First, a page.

14 Considering LULUCF sink projected by the Commission at 472 MtCO₂ (Scenario 1.5LIFE). Excluding LULUCF net-zero GHG would be brought twenty years later.

15 While global cost-effective pathways assessed by the IPCC Special Report 1.5°C provide useful guidance for an upper-limit of emissions trajectories for developed countries, they underestimate the feasible space for such countries to reach net zero earlier. The current generation of models tend to depend strongly on land-use sinks outside of currently developed countries and include fossil fuel use well beyond the time at which these could be phased out, compared to what is understood from bottom-up approaches. The scientific teams which provide these global pathways constantly improve the technologies represented in their models – and novel CDR technologies are now being included in new studies focused on deep mitigation scenarios meeting the Paris Agreement. A wide assessment database of these new scenarios is not yet available; thus, we rely on available scenarios which focus particularly on BECCS as a net-negative emission technology. Accordingly, we do not yet consider land-sector emissions (LULUCF) and other CDR approaches which developed countries will need to implement in order to counterbalance their remaining emissions and reach net zero GHG are not considered here due to data availability.

16 In analysed global-least cost pathways assessed by the IPCC Special Report 1.5°C, the energy sector assumes already a certain amount of carbon dioxide removal technologies, in this case bioenergy carbon capture and storage (BECCS).

17 European Commision’s Proposal for a REGULATION OF THE EUROPEAN PARLIAMENT AND OF THE COUNCIL amending Regulation (EU) 2019/631 as regards strengthening the CO2 emission performance standards for new passenger cars and new light commercial vehicles in line with the Union’s increased climate ambition.

18 EEA. Trends and projections in Europe 2021.

19 Example of steel production using green hydrogen and recent developments.

20 Own calculations based on ACEA data.

the European Unionʼs power mix

terawatt-hour per year

SSP1 Low CDR reliance
20192030204020504 0006 0008 000
SSP1 High CDR reliance
20192030204020504 0006 0008 000
Low energy demand
20192030204020504 0006 0008 000
High energy demand - Low CDR reliance
20192030204020504 0006 0008 000
  • Renewables incl. biomass
  • Unabated fossil
  • Nuclear and/or fossil with CCS
  • Negative emissions technologies via BECCS

the European Unionʼs power sector emissions and carbon intensity


−50005001 00019902010203020502070
  • Historical emissions
  • High energy demand - Low CDR reliance
  • SSP1 Low CDR reliance
  • SSP1 High CDR reliance
  • Low energy demand

1.5°C compatible power sector benchmarks

Carbon intensity, renewable generation share, and fossil fuel generation share from illustrative 1.5°C pathways for the European Union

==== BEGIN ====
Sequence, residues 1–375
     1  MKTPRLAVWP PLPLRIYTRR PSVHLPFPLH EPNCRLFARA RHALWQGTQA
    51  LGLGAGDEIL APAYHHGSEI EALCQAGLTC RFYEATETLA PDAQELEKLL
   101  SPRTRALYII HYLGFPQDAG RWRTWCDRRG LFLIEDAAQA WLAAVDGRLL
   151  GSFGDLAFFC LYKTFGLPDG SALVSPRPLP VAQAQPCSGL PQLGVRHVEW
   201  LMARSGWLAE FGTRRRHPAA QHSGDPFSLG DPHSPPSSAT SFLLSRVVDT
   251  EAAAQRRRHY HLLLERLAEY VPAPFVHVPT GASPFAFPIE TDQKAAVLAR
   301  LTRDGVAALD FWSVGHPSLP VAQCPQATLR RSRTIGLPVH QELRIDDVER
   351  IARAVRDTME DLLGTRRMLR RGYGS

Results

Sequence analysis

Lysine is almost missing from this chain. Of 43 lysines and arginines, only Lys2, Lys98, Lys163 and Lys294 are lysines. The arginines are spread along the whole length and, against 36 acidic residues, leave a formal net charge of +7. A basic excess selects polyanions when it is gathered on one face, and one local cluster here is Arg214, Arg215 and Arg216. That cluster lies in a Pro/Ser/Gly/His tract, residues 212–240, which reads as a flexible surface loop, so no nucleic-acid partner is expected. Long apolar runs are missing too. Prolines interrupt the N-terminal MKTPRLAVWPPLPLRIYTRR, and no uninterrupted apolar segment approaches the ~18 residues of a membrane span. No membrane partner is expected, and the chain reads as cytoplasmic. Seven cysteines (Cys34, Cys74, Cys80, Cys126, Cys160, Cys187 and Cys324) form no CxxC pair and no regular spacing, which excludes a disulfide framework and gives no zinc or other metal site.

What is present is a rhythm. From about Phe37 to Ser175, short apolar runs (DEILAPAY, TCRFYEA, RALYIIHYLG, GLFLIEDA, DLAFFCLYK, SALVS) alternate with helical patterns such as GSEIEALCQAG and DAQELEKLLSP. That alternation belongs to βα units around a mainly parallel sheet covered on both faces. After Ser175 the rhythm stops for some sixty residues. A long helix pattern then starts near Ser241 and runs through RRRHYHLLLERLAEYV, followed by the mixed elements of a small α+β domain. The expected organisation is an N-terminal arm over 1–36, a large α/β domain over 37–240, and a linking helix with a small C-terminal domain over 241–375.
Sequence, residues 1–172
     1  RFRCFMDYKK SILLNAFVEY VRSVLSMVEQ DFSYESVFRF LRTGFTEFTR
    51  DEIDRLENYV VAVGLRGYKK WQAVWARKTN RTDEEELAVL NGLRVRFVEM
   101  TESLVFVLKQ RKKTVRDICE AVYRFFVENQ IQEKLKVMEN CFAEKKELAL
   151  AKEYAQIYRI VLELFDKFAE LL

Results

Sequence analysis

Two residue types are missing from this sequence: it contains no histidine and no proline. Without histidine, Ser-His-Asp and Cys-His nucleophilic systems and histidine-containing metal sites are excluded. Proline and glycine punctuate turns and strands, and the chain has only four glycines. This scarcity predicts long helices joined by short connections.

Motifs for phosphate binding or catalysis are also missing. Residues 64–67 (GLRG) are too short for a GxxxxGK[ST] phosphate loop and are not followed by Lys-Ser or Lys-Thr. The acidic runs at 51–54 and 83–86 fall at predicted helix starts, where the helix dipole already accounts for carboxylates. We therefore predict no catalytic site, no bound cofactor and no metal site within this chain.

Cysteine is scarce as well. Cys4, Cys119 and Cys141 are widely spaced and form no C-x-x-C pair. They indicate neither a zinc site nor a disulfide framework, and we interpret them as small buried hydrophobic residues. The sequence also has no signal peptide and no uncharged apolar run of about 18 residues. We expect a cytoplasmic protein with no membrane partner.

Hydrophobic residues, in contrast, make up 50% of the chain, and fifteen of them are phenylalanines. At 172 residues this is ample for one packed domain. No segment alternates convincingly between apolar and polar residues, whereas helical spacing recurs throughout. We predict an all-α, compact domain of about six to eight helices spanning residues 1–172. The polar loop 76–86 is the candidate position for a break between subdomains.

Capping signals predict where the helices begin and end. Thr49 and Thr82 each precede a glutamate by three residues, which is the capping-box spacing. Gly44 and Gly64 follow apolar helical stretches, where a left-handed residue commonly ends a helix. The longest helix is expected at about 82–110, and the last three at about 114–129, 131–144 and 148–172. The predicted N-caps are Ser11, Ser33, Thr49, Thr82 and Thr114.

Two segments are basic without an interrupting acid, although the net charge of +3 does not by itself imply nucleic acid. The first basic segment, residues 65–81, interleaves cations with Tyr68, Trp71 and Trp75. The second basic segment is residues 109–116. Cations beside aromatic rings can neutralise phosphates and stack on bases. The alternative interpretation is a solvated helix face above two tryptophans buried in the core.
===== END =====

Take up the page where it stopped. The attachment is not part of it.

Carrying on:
Decarbonised power sector by
Carbon intensity of power
50 to 60
−70 to −10
2038 to 2040
Relative to reference year in %
−79 to −77%
−130 to −103%
Year of phase-out
Share of unabated coal
1 to 2
Share of unabated gas
9 to 11
2037 to 2040
Share of renewable energy
59 to 75
75 to 91
Share of unabated fossil fuel
11 to 15


Demand shifting towards the power sector

The 1.5°C compatible pathways analysed here tend to show a strong increase in power generation and installed capacities across time compared with a current policy scenario. This is because end-use sectors (such as transport, buildings or industry) are increasingly electrified under 1.5°C compatible pathways, shifting energy demand to the power sector. Globally, the “high energy demand” entails a particularly high degree of renewable energy-based electrification across the various sectors, and sees a considerable increase in renewable energy capacities over time. See the power section for capacities deployment under the various models.

the European Unionʼs renewable electricity investments

Billion USD / yr


Yearly investment requirements in renewable energy

Across the set of 1.5°C pathways that we have analysed, annual investments in renewable energy excluding BECCS increase in the EU is in the order of USD 37 to 326 billion by 2030 and 64 to 511 billion by 2040 depending on the scenario considered. The ‘high energy demand, low CDR reliance’ pathway shows a particularly high increase in renewable capacity investments, which will be driven by an increase in electrification of end-uses and the need to replace already aging electricity infrastructure. It will be accompanied with a significant decrease in investment needed for other fuels. Other modelled pathways have relatively lower investments in renewables and rely to varying degrees on other technologies and measures such as energy efficiency and negative emissions technologies, of which the later can require high up-front investments.